From Early Holocene to Neoglacial conditions – Multiproxy evidence for stepwise cooling in the Arctic Gateway


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Christian.Hass [ at ] awi.de

Abstract

Two high-resolution sediment sequences from the Western Svalbard margin covering the last ca. 10.000 years were studied in order to derive information on the Holocene variability of heat transport to the Arctic Ocean and fluctuations in the position of the marginal ice zone. The Fram Strait, often referred to as the Arctic Gateway, is the only deep-water passage for Atlantic-derived water masses to enter the Arctic Ocean. Northward advection of relatively warm and saline Atlantic Water masses keeps the eastern Fram Strait ice-free all year and controls the Arctic Ocean’s heat budget. We investigated geochemical, micropaleontological, and sedimentological parameters with centennial to multidecadal time resolution at two sites which are located today beneath the Atlantic Water-bearing inner and outer West Spitsbergen Current. Records of planktic and benthic foraminiferal stable isotopes and planktic foraminifer assemblages clearly reveal distinct variations between climatically warmer and colder intervals throughout this period. Strong fluctuations in stable isotope data of the subpolar planktic foraminifer species Turborotalita quinqueloba infer strong variability of summer sea surface conditions probably caused by variable extent of the upper mixed layer and the sea ice margin. Planktic foraminifer fauna imply a stepwise transition from deglacial/Early Holocene to modern-like conditions. Superimposed on the generally strong heat transport to the Arctic Ocean during the Early to Mid-Holocene are repeated short-term coolings such as the 8.2 ka event. Past sea ice conditions were studied by means of the sea ice proxy IP25 and ice rafted detritus and document increasing occurrence of sea ice and/or icebergs since the Mid-Holocene, culminating in the so-called ‘neoglaciation’ trend. The Late Holocene Neoglacial phase was in particular characterized by the dominance of the cold water-indicating planktic foraminifer species Neogloboquadrina pachyderma. Consistent with the decreasing solar insolation, cooler (sub-)surface conditions established after ca 5 cal ka BP most likely related to a weakening of the Atlantic Water advection and strong export of Arctic sea ice through Fram Strait.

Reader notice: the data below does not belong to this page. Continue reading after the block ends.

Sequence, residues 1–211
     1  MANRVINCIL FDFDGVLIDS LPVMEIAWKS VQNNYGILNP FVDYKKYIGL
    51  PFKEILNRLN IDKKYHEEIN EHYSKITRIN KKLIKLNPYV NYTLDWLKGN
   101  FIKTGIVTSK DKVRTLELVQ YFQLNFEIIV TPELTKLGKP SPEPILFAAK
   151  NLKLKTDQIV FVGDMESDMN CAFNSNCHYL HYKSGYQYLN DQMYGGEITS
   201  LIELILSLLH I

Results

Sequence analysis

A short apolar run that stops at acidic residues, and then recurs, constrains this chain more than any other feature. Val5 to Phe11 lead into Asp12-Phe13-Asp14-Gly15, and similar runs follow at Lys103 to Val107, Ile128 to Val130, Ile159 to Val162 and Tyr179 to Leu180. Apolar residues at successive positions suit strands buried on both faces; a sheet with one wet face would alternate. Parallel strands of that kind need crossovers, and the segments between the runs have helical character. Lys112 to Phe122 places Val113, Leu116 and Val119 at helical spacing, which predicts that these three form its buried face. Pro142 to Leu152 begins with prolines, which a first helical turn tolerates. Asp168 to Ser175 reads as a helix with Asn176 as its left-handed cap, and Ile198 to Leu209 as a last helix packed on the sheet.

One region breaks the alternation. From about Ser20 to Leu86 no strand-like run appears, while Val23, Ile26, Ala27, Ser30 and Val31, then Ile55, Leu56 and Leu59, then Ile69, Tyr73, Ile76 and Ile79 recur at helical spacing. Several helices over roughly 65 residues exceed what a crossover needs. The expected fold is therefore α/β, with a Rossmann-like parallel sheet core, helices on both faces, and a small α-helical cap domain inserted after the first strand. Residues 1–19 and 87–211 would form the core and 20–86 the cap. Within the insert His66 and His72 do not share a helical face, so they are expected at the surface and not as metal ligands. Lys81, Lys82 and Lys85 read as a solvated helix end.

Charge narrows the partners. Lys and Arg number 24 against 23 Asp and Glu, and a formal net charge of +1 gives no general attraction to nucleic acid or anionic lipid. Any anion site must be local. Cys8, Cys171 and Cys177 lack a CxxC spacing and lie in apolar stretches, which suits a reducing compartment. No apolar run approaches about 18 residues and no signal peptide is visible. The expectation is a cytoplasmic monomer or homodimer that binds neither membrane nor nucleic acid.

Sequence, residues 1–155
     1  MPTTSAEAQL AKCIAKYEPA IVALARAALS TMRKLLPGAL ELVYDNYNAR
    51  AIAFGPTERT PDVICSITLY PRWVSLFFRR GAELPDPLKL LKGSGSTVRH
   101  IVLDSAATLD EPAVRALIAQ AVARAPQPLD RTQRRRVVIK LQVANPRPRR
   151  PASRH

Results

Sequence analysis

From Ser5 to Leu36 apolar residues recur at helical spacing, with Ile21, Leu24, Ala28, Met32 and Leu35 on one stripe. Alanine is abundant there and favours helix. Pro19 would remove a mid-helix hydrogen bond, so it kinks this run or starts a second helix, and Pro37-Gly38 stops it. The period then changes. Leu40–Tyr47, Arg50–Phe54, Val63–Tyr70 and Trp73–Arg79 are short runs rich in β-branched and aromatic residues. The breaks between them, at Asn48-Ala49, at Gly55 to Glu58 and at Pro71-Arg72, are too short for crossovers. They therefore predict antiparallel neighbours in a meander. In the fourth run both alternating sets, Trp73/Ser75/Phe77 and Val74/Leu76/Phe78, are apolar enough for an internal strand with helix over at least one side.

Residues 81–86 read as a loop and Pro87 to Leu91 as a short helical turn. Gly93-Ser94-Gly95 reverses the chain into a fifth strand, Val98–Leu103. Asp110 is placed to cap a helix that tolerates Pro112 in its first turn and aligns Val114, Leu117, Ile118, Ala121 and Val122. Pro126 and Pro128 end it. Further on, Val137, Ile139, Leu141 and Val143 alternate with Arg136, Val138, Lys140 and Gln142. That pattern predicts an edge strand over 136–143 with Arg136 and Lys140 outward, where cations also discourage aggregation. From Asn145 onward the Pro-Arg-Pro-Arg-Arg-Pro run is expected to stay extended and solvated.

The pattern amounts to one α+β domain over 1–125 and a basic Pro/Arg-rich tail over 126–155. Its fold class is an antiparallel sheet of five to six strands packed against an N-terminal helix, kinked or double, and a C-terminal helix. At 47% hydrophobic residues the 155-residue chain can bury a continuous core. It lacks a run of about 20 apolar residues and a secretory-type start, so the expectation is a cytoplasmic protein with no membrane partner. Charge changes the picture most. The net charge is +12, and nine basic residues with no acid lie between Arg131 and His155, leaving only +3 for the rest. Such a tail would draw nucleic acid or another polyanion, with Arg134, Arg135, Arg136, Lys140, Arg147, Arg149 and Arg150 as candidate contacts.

Item Type
Conference (Poster)
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Peer-reviewed
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Published
Event Details
American Geophysical Union Fall Meeting, 03 Dec 2012 - 07 Dec 2012, San Francisco.
Eprint ID
32137
Cite as
Werner, K. , Müller, J. , Hass, H. C. and Spielhagen, R. F. (2012): From Early Holocene to Neoglacial conditions – Multiproxy evidence for stepwise cooling in the Arctic Gateway , American Geophysical Union Fall Meeting, San Francisco, 3 December 2012 - 7 December 2012 .


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